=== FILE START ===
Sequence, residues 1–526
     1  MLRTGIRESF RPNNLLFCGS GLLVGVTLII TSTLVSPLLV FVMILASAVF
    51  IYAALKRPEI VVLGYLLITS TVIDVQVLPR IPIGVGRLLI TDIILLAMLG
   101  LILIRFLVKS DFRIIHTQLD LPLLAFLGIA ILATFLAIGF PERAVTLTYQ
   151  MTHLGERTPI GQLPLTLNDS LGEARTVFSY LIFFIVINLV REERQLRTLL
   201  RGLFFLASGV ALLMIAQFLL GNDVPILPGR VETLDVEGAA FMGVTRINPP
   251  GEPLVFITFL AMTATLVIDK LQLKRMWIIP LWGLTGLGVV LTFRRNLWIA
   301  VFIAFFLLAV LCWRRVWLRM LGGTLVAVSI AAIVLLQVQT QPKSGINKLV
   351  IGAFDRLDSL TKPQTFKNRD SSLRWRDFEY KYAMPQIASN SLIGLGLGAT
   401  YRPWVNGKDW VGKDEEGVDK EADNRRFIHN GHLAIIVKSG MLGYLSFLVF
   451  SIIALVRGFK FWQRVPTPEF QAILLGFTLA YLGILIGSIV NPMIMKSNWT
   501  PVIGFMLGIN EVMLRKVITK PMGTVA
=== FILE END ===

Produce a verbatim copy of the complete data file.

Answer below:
Sequence, residues 1–526
     1  MLRTGIRESF RPNNLLFCGS GLLVGVTLII TSTLVSPLLV FVMILASAVF
    51  IYAALKRPEI VVLGYLLITS TVIDVQVLPR IPIGVGRLLI TDIILLAMLG
   101  LILIRFLVKS DFRIIHTQLD LPLLAFLGIA ILATFLAIGF PERAVTLTYQ
   151  MTHLGERTPI GQLPLTLNDS LGEARTVFSY LIFFIVINLV REERQLRTLL
   201  RGLFFLASGV ALLMIAQFLL GNDVPILPGR VETLDVEGAA FMGVTRINPP
   251  GEPLVFITFL AMTATLVIDK LQLKRMWIIP LWGLTGLGVV LTFRRNLWIA
   301  VFIAFFLLAV LCWRRVWLRM LGGTLVAVSI AAIVLLQVQT QPKSGINKLV
   351  IGAFDRLDSL TKPQTFKNRD SSLRWRDFEY KYAMPQIASN SLIGLGLGAT
   401  YRPWVNGKDW VGKDEEGVDK EADNRRFIHN GHLAIIVKSG MLGYLSFLVF
   451  SIIALVRGFK FWQRVPTPEF QAILLGFTLA YLGILIGSIV NPMIMKSNWT
   501  PVIGFMLGIN EVMLRKVITK PMGTVA